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  #1  
Old 07-28-2009
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Recommendations for a good starter boat for the Chesapeake Bay

I'm trying to narrow down my search for my first sailboat, and could use some advice.

I'm looking for a good first sailboat for a young couple. We are mostly interested in sailing and weekending on the boat in the Chesapeake Bay. We don't have any children but would like to occassionally take friends out to sail. Ideally, we'd like something simple to sail with simple systems to maintain as we are both fairly new to sailing (we've taken lessons and practiced largely on Flying Scots). We plan to keep the boat at a marina and do not need a trailerable boat. We have saved $9000.

I've spent the last few weeks combing through Craigslist, Yacht World, etc. It's already clear I could spend every weekend through November inspecting potentially worthy boats in my price range, so I'd like to narrow it down. Would my outdoorsy girlfriend be so cramped in a 22' Catalina that I should cross it off the list from the start? Are all 30' boats in my price range going to need too much work to make them worth the effort? Is there a shorter list of relatively seaworthy and roomy 24'-27' tiller-steered good-value sailboats that I should concentrate my search on? Should I forego ads and instead spend my weekends hanging around marinas finding out if any good boats may be going on the market?

Any suggestions to help me narrow down my choices would be appreciated. Thanks in advance for your advice
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Old 07-28-2009
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Spend some time walking the boat yards. Bert Jabin's in Annapolis is huge and has a million boats for sale. There are also a couple of brokers and dealers in the marina, so they can show you onto the boats.

Some of the new boat dealers have open-houses where they open up all of their used brokerage boats in addition to showing off the new models. With this economy, the open houses are being done more frequently. There are several events in Annapolis where the dealers collaborate and offer shuttles around to the various yards that keep their used boat inventories. Call up the Annapolis Catalina or Hunter dealer and ask about those events. Annapolis Yacht Sales is the Beneteau dealer. They also have a bunch of Beneteau and non-Beneteau used boats for sale.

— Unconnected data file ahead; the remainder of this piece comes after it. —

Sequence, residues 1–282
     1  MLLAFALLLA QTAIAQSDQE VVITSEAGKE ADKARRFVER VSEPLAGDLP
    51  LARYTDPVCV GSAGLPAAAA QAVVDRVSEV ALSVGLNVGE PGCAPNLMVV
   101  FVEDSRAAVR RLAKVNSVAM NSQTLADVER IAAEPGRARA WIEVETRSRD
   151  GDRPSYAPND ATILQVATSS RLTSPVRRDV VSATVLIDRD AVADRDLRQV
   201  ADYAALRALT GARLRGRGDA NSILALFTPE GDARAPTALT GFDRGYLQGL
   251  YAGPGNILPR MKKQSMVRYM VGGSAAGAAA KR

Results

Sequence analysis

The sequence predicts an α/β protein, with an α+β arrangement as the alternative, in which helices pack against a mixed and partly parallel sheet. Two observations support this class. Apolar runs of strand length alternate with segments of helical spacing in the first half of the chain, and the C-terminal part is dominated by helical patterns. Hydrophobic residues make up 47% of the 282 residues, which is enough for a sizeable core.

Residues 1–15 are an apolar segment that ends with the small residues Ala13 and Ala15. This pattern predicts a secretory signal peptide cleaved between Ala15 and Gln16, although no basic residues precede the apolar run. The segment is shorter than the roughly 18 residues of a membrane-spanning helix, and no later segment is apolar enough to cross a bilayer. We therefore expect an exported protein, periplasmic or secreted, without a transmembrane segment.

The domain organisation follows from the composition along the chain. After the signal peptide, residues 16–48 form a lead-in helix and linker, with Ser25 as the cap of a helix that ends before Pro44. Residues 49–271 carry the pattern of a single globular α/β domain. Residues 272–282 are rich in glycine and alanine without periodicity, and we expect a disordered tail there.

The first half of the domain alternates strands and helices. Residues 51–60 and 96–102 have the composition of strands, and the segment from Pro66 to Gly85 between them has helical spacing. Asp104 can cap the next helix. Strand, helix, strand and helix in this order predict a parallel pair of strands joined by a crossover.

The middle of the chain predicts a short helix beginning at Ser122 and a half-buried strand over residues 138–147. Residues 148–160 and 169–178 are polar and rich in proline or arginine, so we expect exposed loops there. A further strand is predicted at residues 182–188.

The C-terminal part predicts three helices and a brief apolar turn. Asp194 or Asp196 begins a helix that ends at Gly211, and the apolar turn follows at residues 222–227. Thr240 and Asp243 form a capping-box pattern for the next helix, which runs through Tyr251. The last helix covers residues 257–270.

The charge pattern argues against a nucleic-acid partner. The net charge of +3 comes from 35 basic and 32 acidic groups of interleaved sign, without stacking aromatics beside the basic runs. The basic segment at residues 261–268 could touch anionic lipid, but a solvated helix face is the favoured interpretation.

You won't really know until you check out some boats in person. I think 27-30+ feet is a great size for a first Bay boat. Big enough to not mind the Bay's chop so much, small enough to handle without a problem.

I wouldn't forego any data source. The more ideas you have, the better. But don't be afraid to call a broker and ask them to show you their used inventory.

Good luck!
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Old 07-28-2009
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Here's my look at our boat, an O'Day 272

http://www.sailnet.com/boatchk/showp...cat=444&page=2

There is much more room in this boat than a Catalina 25, and I thought it superior to the Catalina 27.

Either of those are plentiful and would also be reasonable choices also however.

Each time the winds blow 15+ or seas approach 2ft+ I'm very happy to be on a 27' instead of a 22'!!
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Old 07-28-2009
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I bought my Pearson 30 last year for a very resonable price (60% of asking price and very close to your number). It did not need anything. I had it launched and sailed it around the Bay for several hours.

Just because someone is asking $15K for a boat does not mean you have to avoid it. You can offer less. Keep in mind that you will want a survey and you will probably want to do a few small things to the boat. I would plan for 15% of the purchase price to cover this stuff.

No matter what you do, do not settle for a boat you are not enthused about. It took me 6 months to find the right boat. I was ready to give up for the year until my wife talked me into looking at one more Pearson 30. I am glad I did.

Before you settle on a model, try to get a ride on one or two of them to see if you really do like it.
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Last edited by nickmerc; 08-18-2011 at 05:25 AM.